How violent is the new Tomb Raider film? The reboot starring Alicia Vikander as the titular archaeologist/adventurer is grittier than either of the previous Angelina Jolie-led Tomb Raider movies, with an even greater emphasis on death-defying action set pieces that place Lara in imminent mortal danger she must strive to overcome.
Still, like the adventure films that inspired them, Indiana Jones and James Bond, Tomb Raider also avoids the R-rating; indeed, all three Tomb Raider films thus far have received a PG-13 rating from the MPAA. However, the 2018 version is more violent, especially when we get to the second act. There are thrilling chase sequences and a frightening storm at sea that Lara fights to survive. Once she reaches a mysterious island near Japan, the rest of the film showcases breakneck action where Lara is threatened by an enemy army employed by a shadowy group called Trinity, and by the mysterious tomb she has come to discover.
As seen in the trailer, Lara has to survive being plunged into a raging river and later save herself from the certain death of plummeting down a waterfall by catching into the wing of a derelict cargo plane, which then breaks apart. Without spoilers, that latter setpiece comes to an end with an intense injury with extended recovery, although no actual gore is shown. Later on, there are stitches applied to a character without anesthetic.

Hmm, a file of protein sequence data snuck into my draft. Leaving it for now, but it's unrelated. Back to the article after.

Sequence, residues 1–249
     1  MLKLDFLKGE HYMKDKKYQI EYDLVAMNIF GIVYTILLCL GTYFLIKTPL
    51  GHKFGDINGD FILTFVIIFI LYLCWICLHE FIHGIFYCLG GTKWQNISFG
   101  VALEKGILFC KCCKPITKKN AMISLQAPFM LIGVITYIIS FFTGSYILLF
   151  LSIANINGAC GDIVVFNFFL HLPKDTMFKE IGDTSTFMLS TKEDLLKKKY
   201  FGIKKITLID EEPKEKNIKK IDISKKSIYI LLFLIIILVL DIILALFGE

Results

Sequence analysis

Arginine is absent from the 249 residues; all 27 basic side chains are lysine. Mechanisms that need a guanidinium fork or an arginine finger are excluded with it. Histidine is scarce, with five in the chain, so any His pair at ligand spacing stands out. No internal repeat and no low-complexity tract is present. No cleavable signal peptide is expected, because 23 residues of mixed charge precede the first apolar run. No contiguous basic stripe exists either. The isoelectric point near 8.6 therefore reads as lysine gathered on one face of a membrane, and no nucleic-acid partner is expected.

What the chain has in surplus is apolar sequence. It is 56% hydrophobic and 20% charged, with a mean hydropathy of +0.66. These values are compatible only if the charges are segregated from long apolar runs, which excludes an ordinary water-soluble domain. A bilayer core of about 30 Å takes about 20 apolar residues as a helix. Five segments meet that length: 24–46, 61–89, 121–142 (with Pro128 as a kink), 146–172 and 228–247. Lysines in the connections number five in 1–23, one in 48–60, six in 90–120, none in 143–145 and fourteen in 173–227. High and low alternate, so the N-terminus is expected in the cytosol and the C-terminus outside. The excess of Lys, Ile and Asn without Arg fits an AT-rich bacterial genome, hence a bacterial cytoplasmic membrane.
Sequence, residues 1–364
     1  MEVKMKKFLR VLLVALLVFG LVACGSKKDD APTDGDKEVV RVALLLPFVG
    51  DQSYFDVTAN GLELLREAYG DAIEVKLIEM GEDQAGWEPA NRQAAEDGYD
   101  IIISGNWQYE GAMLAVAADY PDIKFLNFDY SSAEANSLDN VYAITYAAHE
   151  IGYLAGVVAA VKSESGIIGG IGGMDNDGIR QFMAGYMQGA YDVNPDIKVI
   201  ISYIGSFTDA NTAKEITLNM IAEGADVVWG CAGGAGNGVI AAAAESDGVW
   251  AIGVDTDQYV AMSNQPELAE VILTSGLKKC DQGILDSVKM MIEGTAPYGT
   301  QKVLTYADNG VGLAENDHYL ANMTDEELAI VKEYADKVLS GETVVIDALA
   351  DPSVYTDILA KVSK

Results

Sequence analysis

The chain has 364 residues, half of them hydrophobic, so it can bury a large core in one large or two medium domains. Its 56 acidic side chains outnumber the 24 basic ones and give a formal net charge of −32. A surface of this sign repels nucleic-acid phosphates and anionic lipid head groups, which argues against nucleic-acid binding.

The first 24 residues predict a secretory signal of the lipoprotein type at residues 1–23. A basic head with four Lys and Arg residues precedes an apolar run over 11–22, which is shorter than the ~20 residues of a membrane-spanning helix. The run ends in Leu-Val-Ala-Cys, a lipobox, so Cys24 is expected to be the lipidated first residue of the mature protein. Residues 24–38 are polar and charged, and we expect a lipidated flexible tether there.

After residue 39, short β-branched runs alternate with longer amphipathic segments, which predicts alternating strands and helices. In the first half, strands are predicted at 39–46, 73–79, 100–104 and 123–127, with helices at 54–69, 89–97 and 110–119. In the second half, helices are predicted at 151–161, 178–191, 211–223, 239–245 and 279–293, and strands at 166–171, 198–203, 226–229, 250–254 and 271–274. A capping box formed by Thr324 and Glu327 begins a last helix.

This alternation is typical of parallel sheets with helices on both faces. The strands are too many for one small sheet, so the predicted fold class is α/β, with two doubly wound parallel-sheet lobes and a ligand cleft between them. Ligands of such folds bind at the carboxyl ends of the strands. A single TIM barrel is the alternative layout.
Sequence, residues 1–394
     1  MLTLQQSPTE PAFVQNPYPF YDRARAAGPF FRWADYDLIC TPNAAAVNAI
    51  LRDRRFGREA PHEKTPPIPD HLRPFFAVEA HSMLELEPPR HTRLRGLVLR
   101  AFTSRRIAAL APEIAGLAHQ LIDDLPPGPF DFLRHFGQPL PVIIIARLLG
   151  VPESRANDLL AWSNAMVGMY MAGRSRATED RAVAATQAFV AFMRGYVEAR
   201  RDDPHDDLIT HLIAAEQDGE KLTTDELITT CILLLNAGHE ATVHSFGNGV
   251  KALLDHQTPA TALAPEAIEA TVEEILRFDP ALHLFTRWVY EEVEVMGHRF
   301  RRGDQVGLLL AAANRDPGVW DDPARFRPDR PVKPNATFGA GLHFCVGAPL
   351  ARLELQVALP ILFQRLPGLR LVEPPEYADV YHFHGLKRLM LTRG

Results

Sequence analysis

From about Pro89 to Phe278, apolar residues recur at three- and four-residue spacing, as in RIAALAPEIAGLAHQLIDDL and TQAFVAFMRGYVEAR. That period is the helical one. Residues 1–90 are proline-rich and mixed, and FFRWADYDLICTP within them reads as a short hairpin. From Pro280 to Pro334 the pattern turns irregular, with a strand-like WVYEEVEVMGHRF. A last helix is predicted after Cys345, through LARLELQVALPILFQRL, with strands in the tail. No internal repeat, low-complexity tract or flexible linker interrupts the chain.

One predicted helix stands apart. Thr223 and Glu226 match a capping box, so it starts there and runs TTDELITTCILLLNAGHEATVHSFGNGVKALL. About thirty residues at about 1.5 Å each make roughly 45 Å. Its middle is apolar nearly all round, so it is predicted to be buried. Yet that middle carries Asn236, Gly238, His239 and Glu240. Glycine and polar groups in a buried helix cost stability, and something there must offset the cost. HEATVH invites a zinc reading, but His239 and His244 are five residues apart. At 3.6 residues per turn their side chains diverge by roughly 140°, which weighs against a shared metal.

Lara doesn’t just weather the elements of the island, she has to fight mercenaries sent to kill her. People are shot and killed, and otherwise threatened at gunpoint numerous times. When Lara reaches the ancient tomb, the interior is riddled with death traps that raise the movie’s body count. That said, little gore is shown in these sequences: fans of the Indiana Jones films will be familiar with the kind of deaths and calamities that occur in the Japanese tomb.
There is no sex or sensuality in Tomb Raider. Rather, the film highlights Vikander’s ripped physique and her ability as an action heroine. Lara’s fight scenes are MMA-inspired and hew closer to the intense action seen in Casino Royale or the Jason Bourne films than the previous Tomb Raider movies. Vikander is also dressed more appropriately for her jungle adventure, as opposed to the provocative form-fitting attire favored by Jolie’s Lara.
Overall, Tomb Raider contains the type of violence inherent in a modern action film, but it’s not gratuitous, cartoonish, or excessively gory and bloody. While it’s certainly in line with the 2013 video game that inspired the story, it’s much less torturous than players experienced. And this makes sense; Lara’s fanbase now spans generations, and there is something for everyone to appreciate in the new Tomb Raider.
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